matrix,
will be positive definite when the system is stable.
Once QgJ is known, we transform the displacements from the restraint frames
to the global frame, using (16—15), and evaluate the member end forces from (16—3). Next, we the total external force matrix, The contribution
SEC. 16—4.
INTRODUCTION OF JOINT DISPLACEMENT RESTRAINTS
is
551
of member n
in row fl...
(16—IS)
Finally, we transform the external joint forces from the global frame to the local restraint frames. This step determines the reactions and also provides a statics check on the solution.
Example
Suppose
16—1
joint q is completely restrained. Then, "li
and
= 0.. The forms
for E, G are
EqOi
and (16—16) reduces to
Gqlj
,t,.
q
1.
€=L2,...,q—l
— —
2.
3.
j
Oi
=
Example 16—2
Suppose
matrix and external moment matrix this case are
joint q is completely restrained against translation. Then, the translation are prescribed. The appropriate matrices for
r0
=
01
Gg
r1
=
}
=
Example 16—3
We consider the case where joint q is restrained with respect to translation in one direc
tion and there is no restraint against rotation. This corresponds to a "roller" support. We take to coincide with the restraint direction and X'2, as mutually orthogonal directions comprising a righthanded system. The translation, is prescribed. The
prescribed forces are P52, and
552
DIRECT STIFFNESS METHOD—LINEAR SYSTEM
CHAP. 16
We first assemble
From (16—14),
=
where
rRoa'
I
[
r,s
13
=
1,2,3
=
The forms of E, G,
and
are
0
=
=
We specialize the results for a planar system subjected to planar loading. In order for only planar deformation to occur, the translation restraint direction must lie in the plane plane. It is convenient to select the orientation of the system, which we take as the of X'2 such that X3 coincides with X",. 'Ihe specialized forms are
=
= [S,.,]
0
Eq
r,s =
1,2
1
(d)
=
Gq
= H
0
Finally, we consider the case of a planar system subjected to an outofplane loading. direction in order for only The translational restraint direction must be parallel to the and arc prescribed. The outofplane deformation to occur. For this case, specialized forms are
Eq Cq
=
qe;
=
=
Note that (e) is obtained by settinge =
1,
=
=
2
in (a) of Example 16—2.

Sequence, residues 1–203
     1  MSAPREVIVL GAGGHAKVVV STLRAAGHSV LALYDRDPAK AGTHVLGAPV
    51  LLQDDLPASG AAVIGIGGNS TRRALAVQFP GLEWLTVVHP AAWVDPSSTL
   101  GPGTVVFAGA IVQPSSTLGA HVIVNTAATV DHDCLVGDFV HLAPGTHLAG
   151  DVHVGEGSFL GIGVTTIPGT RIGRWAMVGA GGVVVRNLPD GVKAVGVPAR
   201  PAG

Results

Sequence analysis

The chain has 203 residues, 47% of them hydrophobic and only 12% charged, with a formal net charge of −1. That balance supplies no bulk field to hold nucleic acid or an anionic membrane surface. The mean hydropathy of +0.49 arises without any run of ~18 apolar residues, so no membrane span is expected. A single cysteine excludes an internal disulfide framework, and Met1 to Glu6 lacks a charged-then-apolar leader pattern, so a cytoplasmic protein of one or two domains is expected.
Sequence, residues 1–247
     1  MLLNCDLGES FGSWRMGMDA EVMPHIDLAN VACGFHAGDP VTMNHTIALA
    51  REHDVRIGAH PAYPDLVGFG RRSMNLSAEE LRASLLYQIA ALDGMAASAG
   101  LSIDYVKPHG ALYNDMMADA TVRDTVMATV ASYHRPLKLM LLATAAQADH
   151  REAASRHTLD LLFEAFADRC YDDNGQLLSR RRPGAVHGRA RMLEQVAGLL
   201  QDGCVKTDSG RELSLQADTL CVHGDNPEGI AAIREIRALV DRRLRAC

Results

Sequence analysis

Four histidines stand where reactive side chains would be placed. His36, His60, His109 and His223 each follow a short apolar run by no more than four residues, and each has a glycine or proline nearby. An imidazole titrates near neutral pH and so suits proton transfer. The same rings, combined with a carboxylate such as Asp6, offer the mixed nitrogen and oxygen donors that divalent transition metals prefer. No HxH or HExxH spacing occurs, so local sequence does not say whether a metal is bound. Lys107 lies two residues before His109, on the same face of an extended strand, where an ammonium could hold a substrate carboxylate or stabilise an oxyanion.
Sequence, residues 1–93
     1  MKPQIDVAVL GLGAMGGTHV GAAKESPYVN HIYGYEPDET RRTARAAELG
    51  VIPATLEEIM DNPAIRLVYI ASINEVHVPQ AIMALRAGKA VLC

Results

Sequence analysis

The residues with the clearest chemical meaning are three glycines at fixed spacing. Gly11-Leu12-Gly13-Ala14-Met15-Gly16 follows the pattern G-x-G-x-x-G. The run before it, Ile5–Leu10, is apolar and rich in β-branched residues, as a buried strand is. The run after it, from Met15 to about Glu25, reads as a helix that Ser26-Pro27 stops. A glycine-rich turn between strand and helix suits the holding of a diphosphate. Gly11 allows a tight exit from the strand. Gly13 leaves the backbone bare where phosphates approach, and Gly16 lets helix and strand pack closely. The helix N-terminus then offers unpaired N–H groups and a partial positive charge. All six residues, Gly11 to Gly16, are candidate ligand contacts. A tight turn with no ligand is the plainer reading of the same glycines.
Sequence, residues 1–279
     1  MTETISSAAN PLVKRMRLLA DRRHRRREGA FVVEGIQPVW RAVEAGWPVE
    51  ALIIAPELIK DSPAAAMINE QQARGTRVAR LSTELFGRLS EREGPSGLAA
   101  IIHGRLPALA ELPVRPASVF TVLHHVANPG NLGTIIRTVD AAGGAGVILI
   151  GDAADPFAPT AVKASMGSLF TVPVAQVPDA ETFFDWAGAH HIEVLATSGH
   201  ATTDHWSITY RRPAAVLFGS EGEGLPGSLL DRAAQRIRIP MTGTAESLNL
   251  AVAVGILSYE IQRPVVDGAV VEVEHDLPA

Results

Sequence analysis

REFEREt'JCES
REFERENCES
1.
R. K.: Matrix Methods of Structural Analysis, Pergamon Press, London,
1964.
2.
3.
MARTIN, H. C.: Introduction to Matrix Methods of StructuralAnalysis, McGrawHill, New York, 1965. RUBINSTEIN, M. F.: Matrix computer Analysis of Structures, PrenticeHall, New York, 1966.
4.
Gere, I. M. and W. Weaver: Analysis of Framed Structures, Van Nostrand, New
York, 1965.
17
General Formulation Linear System
171.
INTRODUCTION
We consider a system comprising m linear elastic members interconnected at j joints. We suppose there are i degrees of freedom per joint (i.e., the joint displacement and force matrices are of order i x 1) and the geometry and joint quantities are referred to a global frame. Also, we neglect geometry change due to deformation. In the previous chapter, we applied the direct stillness method, which is actually a displacement method, to this system. Now, in this chapter, we first develop the governing matrix equations and then deduce the equations corresponding to the force and displacement solution procedures.
We also establish variational principles for the force and displacement methods. Finally, we discuss how one can introduce member deformation constraints in the displacement method. Since the basic steps involved in the member system formulation are the same as for the ideal truss formulation, we recommend that
the reader review Chapters 6 through 9 before starting this chapter. Let r be the number of prescribed joint displacements. Then, the total number is of joint displacement unknowns,
na = if
—
r
(17—1)
The total number of force unknowns, flf, is equal to r (the reactions corresponding to the prescribed displacements) plus qT, the total number of member
force unknowns:
nf=?+qT=r+(qj +q2+ '.. +qm)
where
(17—2)
represents the number of force unknowns for member n. By definition, is equal to the number of force quantities that have to be specified in order to be able to determine the total internal force matrix at an arbitrary point. If the member is fully restrained at each end, q1, = i. For partial restraint, q,, is equal to i minus the number of independent force releases. Note that when the member is pinned at both ends, = 1 since there are only five independent moment releases.